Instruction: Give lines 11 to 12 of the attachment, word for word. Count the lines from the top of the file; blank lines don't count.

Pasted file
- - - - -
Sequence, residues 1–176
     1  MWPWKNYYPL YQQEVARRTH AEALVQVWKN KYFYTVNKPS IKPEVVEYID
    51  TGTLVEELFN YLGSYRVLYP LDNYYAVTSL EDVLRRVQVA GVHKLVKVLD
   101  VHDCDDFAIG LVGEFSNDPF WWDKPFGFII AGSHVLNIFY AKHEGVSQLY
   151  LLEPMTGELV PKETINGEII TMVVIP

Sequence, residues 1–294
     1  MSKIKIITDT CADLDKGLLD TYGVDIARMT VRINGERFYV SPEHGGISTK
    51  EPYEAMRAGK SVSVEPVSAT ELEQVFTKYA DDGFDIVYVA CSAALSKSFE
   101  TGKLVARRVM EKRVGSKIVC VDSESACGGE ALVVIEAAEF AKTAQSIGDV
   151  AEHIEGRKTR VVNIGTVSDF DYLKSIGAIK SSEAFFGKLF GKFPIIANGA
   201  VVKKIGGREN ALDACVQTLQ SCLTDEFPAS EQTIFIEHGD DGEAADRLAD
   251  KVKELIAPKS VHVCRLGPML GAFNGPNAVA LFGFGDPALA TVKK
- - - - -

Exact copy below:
   201  VVKKIGGREN ALDACVQTLQ SCLTDEFPAS EQTIFIEHGD DGEAADRLAD
   251  KVKELIAPKS VHVCRLGPML GAFNGPNAVA LFGFGDPALA TVKK